More importantly, for the sample collector disclosed in WO2006062906 and similar single stage pre-concentrators, there are difficulties in efficiently transferring the collected sample to the preferred analytical system, a gas chromatography mass spectrometer (GC-MS). These difficulties may increase the technical complexity of the analysis, increase the duration of the analysis, and lead to loss of potentially valuable sample.
Firstly, the flow of gas required to efficiently flush the analyte from the pre-concentrator during the desorption step may be much higher than can be directly accommodated by the GC column. When this is the case, the excess flow (containing valuable analyte) is discarded through the use of a splitter, thereby reducing the overall sensitivity. Alternatively, the pre-concentrator can be allowed to discharge through a conventional sample loop. However, this is again very wasteful, as the injected volume (typically 1-2 ml) will be a small fraction of the total volume of gas used to flush the pre-concentrator.
Secondly, the use of conventional pipe-work, unions, valves and other gas handling hardware introduces considerable dead volume into the system. During the desorption step, the analyte is therefore discharged into a much larger volume of carrier gas than might otherwise be desirable.
Thirdly, a typical GC system requires that the temporal profile of the injected analyte be of the order of a few seconds wide. When using direct injection, the mass of a conventional pre-concentrator is such that the sorbent cannot be heated fast enough to achieve such a narrow desorption profile, and as a result, a secondary refocusing step is generally required. In the case of involatile analytes, refocusing is achieved by trapping at the head of the column by using a suitably low column temperature whereas volatile analyte must be refocused using a cryotrap. Clearly, the provision of cryogenic materials in the field or to a portable GC is highly inconvenient.
There is therefore a need for improved detection systems.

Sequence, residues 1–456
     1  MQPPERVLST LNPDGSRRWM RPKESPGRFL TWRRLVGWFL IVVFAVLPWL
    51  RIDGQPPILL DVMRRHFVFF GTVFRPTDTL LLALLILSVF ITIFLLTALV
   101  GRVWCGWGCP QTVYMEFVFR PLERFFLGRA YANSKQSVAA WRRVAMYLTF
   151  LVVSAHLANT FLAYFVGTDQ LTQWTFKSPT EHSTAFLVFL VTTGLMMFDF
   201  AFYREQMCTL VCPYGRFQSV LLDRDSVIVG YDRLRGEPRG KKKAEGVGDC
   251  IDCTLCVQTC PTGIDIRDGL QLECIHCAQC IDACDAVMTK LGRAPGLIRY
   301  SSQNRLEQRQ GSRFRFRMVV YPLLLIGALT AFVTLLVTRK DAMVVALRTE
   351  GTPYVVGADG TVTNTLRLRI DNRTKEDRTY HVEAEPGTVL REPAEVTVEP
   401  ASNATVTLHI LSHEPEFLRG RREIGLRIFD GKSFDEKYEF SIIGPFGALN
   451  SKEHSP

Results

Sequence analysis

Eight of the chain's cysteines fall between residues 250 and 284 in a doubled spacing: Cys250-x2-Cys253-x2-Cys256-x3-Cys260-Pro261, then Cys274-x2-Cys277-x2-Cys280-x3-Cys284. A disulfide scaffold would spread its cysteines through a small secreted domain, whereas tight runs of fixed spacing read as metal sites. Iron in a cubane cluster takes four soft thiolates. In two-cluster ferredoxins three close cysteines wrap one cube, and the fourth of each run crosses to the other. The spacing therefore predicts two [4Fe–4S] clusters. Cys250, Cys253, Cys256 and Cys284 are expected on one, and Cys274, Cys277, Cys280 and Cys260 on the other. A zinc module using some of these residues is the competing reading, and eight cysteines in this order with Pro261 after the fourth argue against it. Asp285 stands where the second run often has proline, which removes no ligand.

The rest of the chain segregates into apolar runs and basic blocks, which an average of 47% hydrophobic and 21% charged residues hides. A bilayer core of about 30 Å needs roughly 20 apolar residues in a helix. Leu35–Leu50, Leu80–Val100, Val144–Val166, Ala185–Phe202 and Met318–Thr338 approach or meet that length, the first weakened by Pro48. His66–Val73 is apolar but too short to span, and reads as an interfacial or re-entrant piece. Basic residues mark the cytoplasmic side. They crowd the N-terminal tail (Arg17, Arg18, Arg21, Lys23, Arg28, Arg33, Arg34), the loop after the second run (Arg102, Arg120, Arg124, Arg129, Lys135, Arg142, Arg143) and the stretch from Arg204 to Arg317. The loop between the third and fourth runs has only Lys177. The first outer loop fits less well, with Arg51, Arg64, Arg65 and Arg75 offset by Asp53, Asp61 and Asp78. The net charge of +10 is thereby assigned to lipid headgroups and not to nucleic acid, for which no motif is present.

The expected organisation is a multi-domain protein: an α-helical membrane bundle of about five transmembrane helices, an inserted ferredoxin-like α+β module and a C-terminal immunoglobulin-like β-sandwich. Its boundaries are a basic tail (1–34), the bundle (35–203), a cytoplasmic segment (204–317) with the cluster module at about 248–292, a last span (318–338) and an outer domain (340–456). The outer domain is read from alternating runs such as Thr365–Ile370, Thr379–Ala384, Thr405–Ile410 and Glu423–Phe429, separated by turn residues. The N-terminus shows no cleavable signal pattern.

These and other problems are addressed by the present invention in providing a multi-stage pre-concentrator system, at least one stage of which is a detachable pre-concentrator device which may be portable for remote sampling, the system including at least one other pre-concentration device having a region of fixed volume that traps analyte entering from the first-stage pre-concentrator using a suitable chemically sorbent material and that may also be configured to serve as an integrated sample loop by combining the two elements directly in a compact assembly with low dead volume. By providing such an arrangement, it is possible to provide for a trapping of ambient samples remotely using a portable pre-concentrator and to bring the sample so trapped to the detector, rather than vice versa. This has specific application in certain CONOPS, where the provision of a bulky detection system at the point of sample collection is not practical.
A first embodiment of the invention provides a multi-stage pre-concentrator system configured to provide for a detection of one or more species present in a gas flow. The system includes at least one detachable collection device (“the first stage”) configured to provide for sorption of one or more species present in a gas flow, the first-stage device including a trap through which the gas may flow, entry of gas into the trap being provided through an orifice or other opening into the trap. Such an opening may be provided in a sealable configuration, be that through provision of a permanently breakable seal or a re-sealable entry port through use of, for example, a valve arrangement. However it will be appreciated that as this first stage is typically operable as a sample collector it is not essential to provide such levels of complexity as are typically required for a pre-concentrator. For example the first stage could be permanently open allowing free access to the sorbent material, but during periods of non-use the first stage is maintained in a separate sealable container preventing contamination of the sorbent material prior or subsequent to its use.
While all that is required is a fluid flow (gaseous or liquid) past the sorbent material, it is useful to have a regular flow and to provide such a regular flow stream the first stage will typically employ a fan or pump to provide a controlled flow of a sample fluid over a region containing some sorbent material. As was mentioned above, the trap is provided with a sorbent coating configured to selectively sorb the species present in the gas during the flow of gas through the trap. Optimally the trap can also be heated so as to effect desorption of the previously adsorbed species from the sorbent coating.
The first stage, which may be a detachable collection device, could be of relatively simple and inexpensive construction and therefore highly portable. In operational scenarios, a cheap, lightweight sample collection device of this kind could be deployed by attaching it to clothing, flak-vests, helmets and marching-order and so on. In this way, the collection device may be used for search of buildings, roads, vehicles and at checkpoints. By obviating the requirement for complex valve arrangements such a cheap, lightweight arrangement may be provided.